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Title: Identifying external influences on global precipitation

Changes in global (ocean and land) precipitation are among the most important and least well-understood consequences of climate change. Increasing greenhouse gas concentrations are thought to affect the zonal-mean distribution of precipitation through two basic mechanisms. First, increasing temperatures will lead to an intensification of the hydrological cycle (“thermodynamic” changes). Second, changes in atmospheric circulation patterns will lead to poleward displacement of the storm tracks and subtropical dry zones and to a widening of the tropical belt (“dynamic” changes). We demonstrate that both these changes are occurring simultaneously in global precipitation, that this behavior cannot be explained by internal variability alone, and that external influences are responsible for the observed precipitation changes. Whereas existing model experiments are not of sufficient length to differentiate between natural and anthropogenic forcing terms at the 95% confidence level, we present evidence that the observed trends result from human activities.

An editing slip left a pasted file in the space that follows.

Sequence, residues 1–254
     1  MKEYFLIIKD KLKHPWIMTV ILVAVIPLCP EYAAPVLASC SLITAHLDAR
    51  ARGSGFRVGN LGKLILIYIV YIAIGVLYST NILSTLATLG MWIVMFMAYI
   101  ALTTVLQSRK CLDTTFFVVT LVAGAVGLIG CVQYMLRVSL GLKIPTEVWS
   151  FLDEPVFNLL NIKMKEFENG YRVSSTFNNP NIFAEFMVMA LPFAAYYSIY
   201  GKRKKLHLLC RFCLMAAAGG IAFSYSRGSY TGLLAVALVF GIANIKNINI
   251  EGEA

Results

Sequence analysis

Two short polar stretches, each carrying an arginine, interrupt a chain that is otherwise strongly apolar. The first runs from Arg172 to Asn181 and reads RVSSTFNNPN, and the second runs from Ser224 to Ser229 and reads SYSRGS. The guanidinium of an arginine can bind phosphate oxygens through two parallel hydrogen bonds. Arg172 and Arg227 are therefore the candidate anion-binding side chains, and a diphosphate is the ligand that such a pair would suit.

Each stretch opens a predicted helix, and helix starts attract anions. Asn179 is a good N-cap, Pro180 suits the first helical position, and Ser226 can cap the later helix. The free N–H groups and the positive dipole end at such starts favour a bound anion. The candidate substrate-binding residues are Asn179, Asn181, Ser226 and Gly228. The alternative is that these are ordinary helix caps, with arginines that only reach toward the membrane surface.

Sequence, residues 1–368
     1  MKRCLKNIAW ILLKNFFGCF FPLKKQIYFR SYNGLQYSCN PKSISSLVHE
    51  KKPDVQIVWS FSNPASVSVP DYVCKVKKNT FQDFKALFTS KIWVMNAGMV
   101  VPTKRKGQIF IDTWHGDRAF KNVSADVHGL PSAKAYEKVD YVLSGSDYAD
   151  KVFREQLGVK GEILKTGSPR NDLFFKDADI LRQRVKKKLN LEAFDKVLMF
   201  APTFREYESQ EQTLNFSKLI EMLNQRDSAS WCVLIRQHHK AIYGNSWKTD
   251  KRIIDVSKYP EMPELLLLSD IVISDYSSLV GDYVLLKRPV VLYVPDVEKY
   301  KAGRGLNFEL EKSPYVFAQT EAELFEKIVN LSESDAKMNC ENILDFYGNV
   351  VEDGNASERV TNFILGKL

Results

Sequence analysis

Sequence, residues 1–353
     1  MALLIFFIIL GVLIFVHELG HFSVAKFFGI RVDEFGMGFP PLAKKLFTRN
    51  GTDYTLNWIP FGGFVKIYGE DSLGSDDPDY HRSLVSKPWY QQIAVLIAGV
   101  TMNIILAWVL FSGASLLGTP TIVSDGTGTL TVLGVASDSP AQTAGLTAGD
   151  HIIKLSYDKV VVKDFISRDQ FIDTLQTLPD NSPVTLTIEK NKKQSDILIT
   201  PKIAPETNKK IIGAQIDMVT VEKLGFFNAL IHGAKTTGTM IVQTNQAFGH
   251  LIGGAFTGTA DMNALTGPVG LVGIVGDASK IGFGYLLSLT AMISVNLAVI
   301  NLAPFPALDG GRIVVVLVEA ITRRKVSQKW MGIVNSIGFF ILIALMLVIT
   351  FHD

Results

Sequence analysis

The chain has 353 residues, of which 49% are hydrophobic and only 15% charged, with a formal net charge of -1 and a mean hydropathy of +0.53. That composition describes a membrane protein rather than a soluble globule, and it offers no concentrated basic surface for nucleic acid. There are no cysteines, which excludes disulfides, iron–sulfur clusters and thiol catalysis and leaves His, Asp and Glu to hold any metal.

Authors:
;
Publication Date:
OSTI Identifier:
1129139
Report Number(s):
LLNL-JRNL--641122
Journal ID: ISSN 0027-8424
DOE Contract Number:
W-7405-ENG-48
Resource Type:
Journal Article
Resource Relation:
Journal Name: Proceedings of the National Academy of Sciences of the United States of America; Journal Volume: 110; Journal Issue: 48
Publisher:
National Academy of Sciences, Washington, DC (United States)
Research Org:
Lawrence Livermore National Lab. (LLNL), Livermore, CA (United States)
Sponsoring Org:
USDOE
Country of Publication:
United States
Language:
English
Subject:
54 ENVIRONMENTAL SCIENCES